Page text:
Locusts Swarm Ethiopia

© AFP/File/Tengku Bahar
Crops in large swathes of Ethiopia risk being destroyed by swarms of locusts coming from northern Somalia, the UN Office for the Coordination of Humanitarian Affairs (OCHA) said Tuesday.

The Food and Agriculture Organisation (FAO) "reports that locust swarms have been confirmed in seven regions in the country, including in areas where there is no previous record of infestation," a statement said.

"The government is expected to present a response plan specifying immediate and medium-term actions to be taken during the week," OCHA said.


US: So far, June sunlight in Boston is lowest in past century

Since the sun virtually disappeared on June 5, hidden behind an impenetrable pall of cement-colored clouds, Robert Skilling has tracked each overcast moment, anticipation building with each gray afternoon.

Peering out at the gloom from his perch at the Blue Hill Meteorological Observatory and Science Center, Skilling does not dwell on the canceled Little League games or postponed beach days.

Rather, he focused yesterday on the primitive, softball-sized glass sphere on the observatory's roof, a device that has burned lines on paper since 1885 to record nearly every burst of sunshine strong enough to cast a faint shadow. This month, the sun has been obscured by clouds more than in any other June in Skilling's 50-plus years of meteorology. With a little more than a week remaining, it is flirting with the all-time local record set in June 1903, when only 25 percent of the sun's rays penetrated the clouds to reach the Blue Hills.


The Ap Index says: "There will be no sunspots"

SOHO sun specks 06222009
© SOHOSun today - a speck group has appeared, specks 1022 & 1023 are cycle 24 specks.

Frank Hill's summoning up of sunspots from the vasty deep of the Sun's convection zone reminds me of some Shakespeare (Henry the Fourth):

I can call spirits from the vasty deep.

Why, so can I, or so can any man;
But will they come when you do call for them?

Frank Hill says that his sunspots will be with us in three to six months. The Ap Index suggests otherwise. There is a correlation between the geomagnetic indices (aa Index and Ap Index) at minimum and the amplitude of the following solar cycle. Earlier this year I produced this graph of the Ap Index plotted against solar cycle maxima when I thought that the Ap Index would bottom out at three, giving a maximum amplitude of 25:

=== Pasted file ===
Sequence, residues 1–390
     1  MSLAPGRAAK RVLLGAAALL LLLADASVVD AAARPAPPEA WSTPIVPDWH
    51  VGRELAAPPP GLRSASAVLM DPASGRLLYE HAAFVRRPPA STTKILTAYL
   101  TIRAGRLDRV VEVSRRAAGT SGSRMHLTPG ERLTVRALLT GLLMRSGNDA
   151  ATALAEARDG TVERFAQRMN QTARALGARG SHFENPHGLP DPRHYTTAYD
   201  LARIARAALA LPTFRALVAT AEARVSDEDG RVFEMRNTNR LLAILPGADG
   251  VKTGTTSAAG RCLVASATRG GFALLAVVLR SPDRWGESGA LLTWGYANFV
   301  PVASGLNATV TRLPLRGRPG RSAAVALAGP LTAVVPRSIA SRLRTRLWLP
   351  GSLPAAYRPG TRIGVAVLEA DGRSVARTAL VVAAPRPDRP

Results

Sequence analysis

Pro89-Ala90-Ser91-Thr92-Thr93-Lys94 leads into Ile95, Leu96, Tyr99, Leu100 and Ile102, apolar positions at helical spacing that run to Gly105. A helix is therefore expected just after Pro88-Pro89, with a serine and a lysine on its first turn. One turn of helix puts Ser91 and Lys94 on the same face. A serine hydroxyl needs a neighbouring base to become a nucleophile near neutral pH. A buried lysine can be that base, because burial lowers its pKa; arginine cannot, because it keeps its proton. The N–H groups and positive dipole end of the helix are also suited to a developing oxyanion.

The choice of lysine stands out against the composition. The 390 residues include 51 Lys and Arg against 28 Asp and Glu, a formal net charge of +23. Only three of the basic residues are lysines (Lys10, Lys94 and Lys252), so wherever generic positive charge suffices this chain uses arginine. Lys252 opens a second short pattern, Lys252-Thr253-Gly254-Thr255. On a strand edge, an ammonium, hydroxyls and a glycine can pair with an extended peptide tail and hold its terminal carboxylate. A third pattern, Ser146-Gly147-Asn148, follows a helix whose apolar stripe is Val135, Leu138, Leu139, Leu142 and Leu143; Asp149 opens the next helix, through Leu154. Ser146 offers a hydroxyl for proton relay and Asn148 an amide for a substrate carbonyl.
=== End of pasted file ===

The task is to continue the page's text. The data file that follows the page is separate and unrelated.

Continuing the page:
Bizarro Earth

Earthquake magnitude 6.7 near New Guinea

A major undersea earthquake with a 6.7 magnitude struck off the remote New Ireland area of Papua New Guinea on Wednesday, the US Geological Survey said.

The epicentre of the quake, which struck at the early hours in the morning was located 95 kilometres south-southeast of Taron, New Ireland, the USGS said.

It took place at a depth of 35 kilometres.

Papua New Guinea sits on the so-called Pacific 'Ring of Fire", where continental plates meet.

Cloud Lightning

Tropical Storm Andres brushes Mexico; 1 killed

© Reuters
Tropical Storm Andres flooded homes and knocked down trees along Mexico's Pacific coast, killing at least one person as it headed toward a likely hurricane-force scrape with land on Tuesday.

Mexico issued a hurricane warning for the strip of coast from just south of Manzanillo to near Puerto Vallarta. To the south, the storm dumped heavy rains on Acapulco, where flooding forced about 200 people to evacuate their homes on Monday.

A fisherman drowned when choppy currents overturned his boat in a lagoon Monday in Tecpan de Galeana, between Acapulco and Zihuatanejo, a state police report said. The sun peeked through cloudy skies in Acapulco on Tuesday, but the government closed all schools.

Andres sped up as it headed on a course to graze the port city of Manzanillo at hurricane strength late Tuesday, then push along shore past towns such as Barra de Navidad that are home to some American and Canadian expatriates.


Why some monkeys are better liars

Some monkeys use deceit to fool other group members, and the ability varies from species to species - now researchers think they know why.